The security experts from ESET who report at We Live Security (WLS) took out their crystal ball and predicted the following cybercrime trends for the coming year.
Whereas last year's predictions focused on APTs and corporate attacks, IT security professionals should be consumed in 2016 keeping up with attacks involving IoT, ransomware, crimeware, haxposure, Windows 10, and critical infrastructure, among others.
“The upcoming year – as with all years – brings the possibility for many learning opportunities, which offers plenty of scope for improvement,” WeLiveSecurity wrote in its summary.
Here's what we have to look forward to next year paraphrased in no particular order (although it will be sure to present many jobs for IT security professionals, always a good thing):
• High-visibility breaches will continue across all sectors
• Sophisticated attacks (i.e., code injection of specific customers)
• Unsophisticated attacks (e.g., DDoS).
• Tech support scams that unleash onslaughts of malware and ransomware
• Full-frontal assault on all things IoT
• Lots of corporate board handwringing
• Occasional increases in security funding
• Nation states formalize job SCADA (supervisory control and data acquisition)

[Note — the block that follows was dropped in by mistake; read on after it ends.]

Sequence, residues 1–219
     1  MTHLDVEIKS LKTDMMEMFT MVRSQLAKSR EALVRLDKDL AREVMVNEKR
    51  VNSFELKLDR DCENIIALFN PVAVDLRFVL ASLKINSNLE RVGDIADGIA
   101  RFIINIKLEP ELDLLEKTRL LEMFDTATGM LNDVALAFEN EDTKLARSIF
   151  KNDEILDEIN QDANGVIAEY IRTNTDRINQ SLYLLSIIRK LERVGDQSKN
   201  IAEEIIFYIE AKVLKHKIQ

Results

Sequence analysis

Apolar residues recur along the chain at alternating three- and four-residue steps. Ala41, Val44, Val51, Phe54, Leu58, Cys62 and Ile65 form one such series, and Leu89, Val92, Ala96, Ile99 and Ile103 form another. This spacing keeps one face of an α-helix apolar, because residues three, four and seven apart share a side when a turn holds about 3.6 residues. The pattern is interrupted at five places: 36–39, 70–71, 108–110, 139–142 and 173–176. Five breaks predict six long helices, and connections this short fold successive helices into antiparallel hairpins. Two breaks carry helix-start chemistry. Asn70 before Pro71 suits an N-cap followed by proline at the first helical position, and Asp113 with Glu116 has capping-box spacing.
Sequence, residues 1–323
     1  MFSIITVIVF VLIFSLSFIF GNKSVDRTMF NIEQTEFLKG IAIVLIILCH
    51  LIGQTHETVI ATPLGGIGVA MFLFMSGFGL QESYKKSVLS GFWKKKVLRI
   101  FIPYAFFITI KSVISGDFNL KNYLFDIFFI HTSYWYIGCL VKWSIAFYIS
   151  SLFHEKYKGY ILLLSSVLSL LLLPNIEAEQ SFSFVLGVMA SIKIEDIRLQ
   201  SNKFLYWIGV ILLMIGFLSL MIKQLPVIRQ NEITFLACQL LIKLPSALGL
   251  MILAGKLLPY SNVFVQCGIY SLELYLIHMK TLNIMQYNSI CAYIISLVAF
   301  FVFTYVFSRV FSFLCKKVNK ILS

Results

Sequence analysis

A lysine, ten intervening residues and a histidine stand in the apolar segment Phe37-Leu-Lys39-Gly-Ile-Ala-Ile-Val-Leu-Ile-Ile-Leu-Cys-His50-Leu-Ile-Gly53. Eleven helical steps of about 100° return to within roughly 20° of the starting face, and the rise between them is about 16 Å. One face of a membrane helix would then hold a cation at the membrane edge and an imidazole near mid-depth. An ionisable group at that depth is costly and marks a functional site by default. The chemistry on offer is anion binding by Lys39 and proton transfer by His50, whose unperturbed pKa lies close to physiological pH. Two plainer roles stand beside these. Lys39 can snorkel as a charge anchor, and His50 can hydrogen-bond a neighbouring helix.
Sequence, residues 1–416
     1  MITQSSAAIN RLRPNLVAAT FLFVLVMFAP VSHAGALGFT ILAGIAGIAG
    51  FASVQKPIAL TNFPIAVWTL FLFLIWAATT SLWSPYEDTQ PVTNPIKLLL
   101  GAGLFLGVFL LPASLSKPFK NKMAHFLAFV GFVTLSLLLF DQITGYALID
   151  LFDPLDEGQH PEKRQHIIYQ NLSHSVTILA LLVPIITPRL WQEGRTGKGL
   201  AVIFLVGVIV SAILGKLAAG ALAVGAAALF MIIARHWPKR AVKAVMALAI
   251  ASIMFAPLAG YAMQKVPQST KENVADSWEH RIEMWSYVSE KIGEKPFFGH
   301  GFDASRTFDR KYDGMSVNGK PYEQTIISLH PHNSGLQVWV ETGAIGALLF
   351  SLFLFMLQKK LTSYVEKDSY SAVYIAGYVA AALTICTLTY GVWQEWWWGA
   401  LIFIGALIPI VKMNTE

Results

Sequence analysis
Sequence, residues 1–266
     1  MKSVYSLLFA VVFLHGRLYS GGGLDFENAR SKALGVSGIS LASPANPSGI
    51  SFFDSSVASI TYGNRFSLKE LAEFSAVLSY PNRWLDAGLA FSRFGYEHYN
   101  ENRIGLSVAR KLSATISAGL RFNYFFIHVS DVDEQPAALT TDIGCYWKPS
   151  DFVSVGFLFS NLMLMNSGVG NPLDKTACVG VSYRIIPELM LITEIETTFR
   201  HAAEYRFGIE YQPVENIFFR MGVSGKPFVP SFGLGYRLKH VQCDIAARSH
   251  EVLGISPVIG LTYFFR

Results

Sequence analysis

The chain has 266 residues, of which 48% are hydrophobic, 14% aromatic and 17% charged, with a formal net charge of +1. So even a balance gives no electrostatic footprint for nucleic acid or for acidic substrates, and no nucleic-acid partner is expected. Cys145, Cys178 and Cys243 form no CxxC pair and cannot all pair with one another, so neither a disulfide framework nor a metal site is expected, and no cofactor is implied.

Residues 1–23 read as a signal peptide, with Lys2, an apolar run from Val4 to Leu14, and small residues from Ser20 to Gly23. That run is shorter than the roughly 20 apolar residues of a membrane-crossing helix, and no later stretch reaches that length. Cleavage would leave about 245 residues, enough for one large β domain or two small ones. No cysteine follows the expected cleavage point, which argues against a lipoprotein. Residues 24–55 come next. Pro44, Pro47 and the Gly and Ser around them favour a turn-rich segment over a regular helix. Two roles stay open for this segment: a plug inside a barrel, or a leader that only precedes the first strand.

• New breed of credit cards still get hacked
• Attacks on new flock of “digital doo-dads”
• Fake pop-up alerts for platforms other than Windows (still a target)
• Privacy concerns emanating from toys (e.g., “Talking Barbie”)
• Increased attacks on – and use of – virtualization technology by SOHO users
• Ramped up attacks on Adobe Flash, PDF, and Oracle Java
• Hack onslaught of web frameworks (Drupal, Joomla, Typo3, WordPress, etc.)
• Likely tool targets: web performance, optimization, analytics, personalization
• End users and businesses won't do enough to protect themselves
• New devices won't have sufficient baked-in security
• Healthcare IT managers will be under pressure from audits, HIPAA penalties
• Aggressive FDA action on vulnerable medical devices and apps
• Simpler authentication techniques that allow people to increase security
• New international laws will focus on encryption, networked communication
• Device manufacturers publish procedures for reporting product vulnerabilities